Strathclyde v. Clear-Vu – A Class in Obviousness
In fact, it was Clear-Vu that got “schooled” in the law of obviousness, but this case would be a good teaching—or review—article for anyone on this subject. I admit, it was refreshing to re-read some of the classic quotes from Fed. Cir. panels that set the standards for s. 103 inquiries. I know that patent eligibility and even s. 112(1) are the hot topics of the day. This decision by Judges Reyna, Cleavinger and Stoll (writing) felt like encountering the ghost of s. 103 past—when the entire IP world seemed like a friendlier place.
In University of Strathclyde v. Clear-Vu Lighting LLC, Appeal No. 2020-2243 (Fed. Cir., November 4, 2021), the PTAB had invalidated the claims-in-suit of U.S. Pat. No. 9,839,706 as obvious in view of the combined teachings of two related papers, “Ashkenazi” and “Nitzan.” The judge ruled that the references provided a reasonable expectation of success in practicing the claimed invention. The panel failed to find a factual basis for both of these rulings.
The claims of the ‘706 patent are relatively straightforward, and are directed to a method to inactivate methicillin-resistant S. aureus and two other species ex-vivo by exposing them to visible light having a wavelength of 400-420 nm, without exposing them to a photosensitizer. The problem with the cited art, inter alia, is that it simply did not disclose all of the claim elements. A lot of the opinion is an explanation of the differences between the art and the patent claims.
Briefly, it notes that the references that allegedly disclose the claims all used photosensitizers such as porphyrins. Ashkenazi increased the vivo porphyrin concentration in the species, P. acnes, by treating the cells with gamma-aminolevulinic acid, ALA, itself a photosensitizer. Ashkenazi even used a culture media that contained riboflavin, another photosensitizer. Nitzan studied ALA MRSA cultures, some of which did not contain ALA or porphyrins. This sounds like pretty good art, but the parties agreed that it was not anticipatory. What was important to the panel was that Nitzan reported no decrease in viability of the cells after illumination with 50 J/cm2 of 407-420 nm blue light.
The panel went right to work with the black letter law:
“Whether the prior art discloses a claim limitation, whether the skilled artisan would have been motivated to modify or combine teachings in the prior art, and whether she would have a reasonable expectation of success in doing so are questions of fact,” citing University of California v Broad Inst., 903 F.3d 1286, 1291 (Fed. Cir., 2018). The panel reviewed the facts summarized above and concluded that “[w]e see nothing in Ashkenazi that discloses or suggests inactivating P. acnes or any other bacteria without using a photosensitizer.” The panel went on to find that Nitzan failed to observe “inactivation” as required by the claims [emphasis supplied]. The panel stated that it “failed to see why a skilled artisan would opt to entirely omit a photosensitizer when combining these references … We decline Clear-Vu’s invitation to read the inactivation limitation in isolation, divorced from the claim as a whole” [citing ATD Corp v. Lyndall, “‘Obviousness cannot be based on the hindsight combination of components selectively culled from the prior art to fit the parameters of the patented invention.'”].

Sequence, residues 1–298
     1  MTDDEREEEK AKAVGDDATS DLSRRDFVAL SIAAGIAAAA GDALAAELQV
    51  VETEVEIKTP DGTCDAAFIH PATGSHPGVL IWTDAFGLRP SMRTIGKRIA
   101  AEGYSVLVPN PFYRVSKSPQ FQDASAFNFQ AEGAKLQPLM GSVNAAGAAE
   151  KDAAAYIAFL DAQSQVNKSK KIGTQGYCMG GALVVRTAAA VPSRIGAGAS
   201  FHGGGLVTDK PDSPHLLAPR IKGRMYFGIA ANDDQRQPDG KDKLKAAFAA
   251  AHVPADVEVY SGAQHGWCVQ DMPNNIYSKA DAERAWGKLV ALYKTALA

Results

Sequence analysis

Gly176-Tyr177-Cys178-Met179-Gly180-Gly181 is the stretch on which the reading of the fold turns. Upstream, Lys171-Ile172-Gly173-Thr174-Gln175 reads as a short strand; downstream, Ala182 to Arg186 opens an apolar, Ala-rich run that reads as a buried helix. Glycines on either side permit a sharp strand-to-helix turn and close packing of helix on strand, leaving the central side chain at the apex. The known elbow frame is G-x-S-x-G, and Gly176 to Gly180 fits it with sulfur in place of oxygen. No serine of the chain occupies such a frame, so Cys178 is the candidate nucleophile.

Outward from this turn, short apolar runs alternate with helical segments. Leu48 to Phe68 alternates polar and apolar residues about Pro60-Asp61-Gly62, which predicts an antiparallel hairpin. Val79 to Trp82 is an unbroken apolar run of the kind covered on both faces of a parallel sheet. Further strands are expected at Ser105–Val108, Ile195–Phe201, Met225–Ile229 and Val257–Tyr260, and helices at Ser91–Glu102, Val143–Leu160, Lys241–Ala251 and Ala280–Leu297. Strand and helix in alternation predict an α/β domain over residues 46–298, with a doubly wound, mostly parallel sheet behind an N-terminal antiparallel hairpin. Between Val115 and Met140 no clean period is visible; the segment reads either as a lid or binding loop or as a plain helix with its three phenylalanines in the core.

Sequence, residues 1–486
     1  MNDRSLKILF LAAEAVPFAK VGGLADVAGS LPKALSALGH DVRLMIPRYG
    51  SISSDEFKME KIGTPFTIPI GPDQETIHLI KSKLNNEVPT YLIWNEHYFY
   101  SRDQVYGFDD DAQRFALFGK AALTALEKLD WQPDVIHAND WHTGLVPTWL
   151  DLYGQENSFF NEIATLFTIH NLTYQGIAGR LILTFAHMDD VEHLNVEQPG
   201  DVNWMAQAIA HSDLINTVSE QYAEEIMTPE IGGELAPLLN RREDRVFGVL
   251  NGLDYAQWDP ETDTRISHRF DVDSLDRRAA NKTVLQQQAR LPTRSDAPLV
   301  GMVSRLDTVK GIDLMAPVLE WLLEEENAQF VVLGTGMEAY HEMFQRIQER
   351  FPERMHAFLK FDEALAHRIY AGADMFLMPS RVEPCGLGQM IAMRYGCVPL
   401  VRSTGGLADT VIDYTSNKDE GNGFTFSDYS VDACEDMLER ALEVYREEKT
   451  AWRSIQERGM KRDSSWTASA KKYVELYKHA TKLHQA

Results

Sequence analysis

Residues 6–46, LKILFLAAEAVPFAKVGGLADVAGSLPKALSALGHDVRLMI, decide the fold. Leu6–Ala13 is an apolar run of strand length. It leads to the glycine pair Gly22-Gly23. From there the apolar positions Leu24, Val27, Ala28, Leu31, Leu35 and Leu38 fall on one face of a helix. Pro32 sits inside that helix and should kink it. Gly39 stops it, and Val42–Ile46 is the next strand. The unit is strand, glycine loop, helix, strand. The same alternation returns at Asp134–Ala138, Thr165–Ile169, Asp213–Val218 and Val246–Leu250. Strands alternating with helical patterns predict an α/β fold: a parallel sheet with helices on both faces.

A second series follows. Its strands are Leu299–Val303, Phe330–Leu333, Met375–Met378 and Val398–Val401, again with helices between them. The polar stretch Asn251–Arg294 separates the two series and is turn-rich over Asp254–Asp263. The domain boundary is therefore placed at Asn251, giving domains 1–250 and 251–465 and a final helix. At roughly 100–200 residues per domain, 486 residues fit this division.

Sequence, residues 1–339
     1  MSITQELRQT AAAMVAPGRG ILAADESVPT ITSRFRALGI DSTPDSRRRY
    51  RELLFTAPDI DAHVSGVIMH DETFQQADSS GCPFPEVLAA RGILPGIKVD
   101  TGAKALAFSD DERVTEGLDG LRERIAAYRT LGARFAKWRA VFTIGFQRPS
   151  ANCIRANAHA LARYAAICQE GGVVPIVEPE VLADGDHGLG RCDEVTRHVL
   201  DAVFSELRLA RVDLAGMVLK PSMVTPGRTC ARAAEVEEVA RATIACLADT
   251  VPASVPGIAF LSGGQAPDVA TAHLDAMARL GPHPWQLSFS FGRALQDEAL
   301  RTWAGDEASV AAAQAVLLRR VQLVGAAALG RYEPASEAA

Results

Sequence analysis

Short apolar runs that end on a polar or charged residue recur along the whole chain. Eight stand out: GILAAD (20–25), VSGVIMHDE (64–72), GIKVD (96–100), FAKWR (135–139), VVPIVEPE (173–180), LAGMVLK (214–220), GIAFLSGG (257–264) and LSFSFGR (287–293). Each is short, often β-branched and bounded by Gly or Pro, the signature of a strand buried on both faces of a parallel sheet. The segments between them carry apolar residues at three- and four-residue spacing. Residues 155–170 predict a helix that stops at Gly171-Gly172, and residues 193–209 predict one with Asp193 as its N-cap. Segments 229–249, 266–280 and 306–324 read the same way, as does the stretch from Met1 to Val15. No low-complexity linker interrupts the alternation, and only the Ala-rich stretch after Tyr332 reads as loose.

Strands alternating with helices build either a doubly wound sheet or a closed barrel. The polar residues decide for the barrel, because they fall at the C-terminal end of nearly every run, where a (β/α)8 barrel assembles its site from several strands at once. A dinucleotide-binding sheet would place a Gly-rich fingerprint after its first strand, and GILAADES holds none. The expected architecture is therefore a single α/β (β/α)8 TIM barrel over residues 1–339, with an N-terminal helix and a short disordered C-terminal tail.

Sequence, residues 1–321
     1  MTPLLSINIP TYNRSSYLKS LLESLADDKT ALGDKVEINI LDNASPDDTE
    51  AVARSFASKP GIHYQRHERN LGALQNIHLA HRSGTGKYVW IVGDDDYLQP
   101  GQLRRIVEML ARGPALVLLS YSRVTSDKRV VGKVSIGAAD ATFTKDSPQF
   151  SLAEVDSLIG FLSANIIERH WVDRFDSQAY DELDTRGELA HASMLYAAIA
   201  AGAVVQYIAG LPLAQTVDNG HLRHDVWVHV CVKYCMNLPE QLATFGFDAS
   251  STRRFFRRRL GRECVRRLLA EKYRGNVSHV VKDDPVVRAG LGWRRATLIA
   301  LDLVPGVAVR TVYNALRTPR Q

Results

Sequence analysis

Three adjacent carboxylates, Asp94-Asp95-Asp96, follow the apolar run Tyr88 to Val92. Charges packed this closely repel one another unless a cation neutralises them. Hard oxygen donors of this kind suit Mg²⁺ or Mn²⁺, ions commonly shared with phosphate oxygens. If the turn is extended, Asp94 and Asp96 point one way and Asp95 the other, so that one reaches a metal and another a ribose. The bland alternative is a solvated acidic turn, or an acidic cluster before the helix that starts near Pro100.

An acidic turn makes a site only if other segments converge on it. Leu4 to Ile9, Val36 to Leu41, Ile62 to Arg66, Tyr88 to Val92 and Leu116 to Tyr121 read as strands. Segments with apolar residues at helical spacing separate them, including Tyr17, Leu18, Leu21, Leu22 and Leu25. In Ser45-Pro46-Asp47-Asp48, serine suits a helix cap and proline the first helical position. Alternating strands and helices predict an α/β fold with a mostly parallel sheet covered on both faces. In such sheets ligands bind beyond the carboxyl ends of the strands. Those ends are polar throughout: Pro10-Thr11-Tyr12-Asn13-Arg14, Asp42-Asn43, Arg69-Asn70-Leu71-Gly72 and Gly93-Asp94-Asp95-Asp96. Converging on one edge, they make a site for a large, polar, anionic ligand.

This post is long enough, but one statement of the law of obviousness deserves a nod. It is the long discussion off OSI Pharmaceuticals, which examined the utility of a drug to treat NSCLC. The present panel agreed that “given the [high] ‘failure rate’ and lack of ‘data or any other reliable indicator of success,’ we found that ‘the only reasonable expectation at the time of the invention was failure not success.’” The icing on this rich cake is the panel’s rejection of the PTAB’s attempt to use the teaching of the ‘409 patent to bolster its expectation of success conclusion. The patent simply stated that “[t] he inventor’s own path itself never leads to a conclusion of obviousness; that is hindsight … We do not hold that ‘absolute predictability’ or ‘guaranteed success’ is required to find a reasonable expectation of success”. Words to cherish. Words to prosecute by.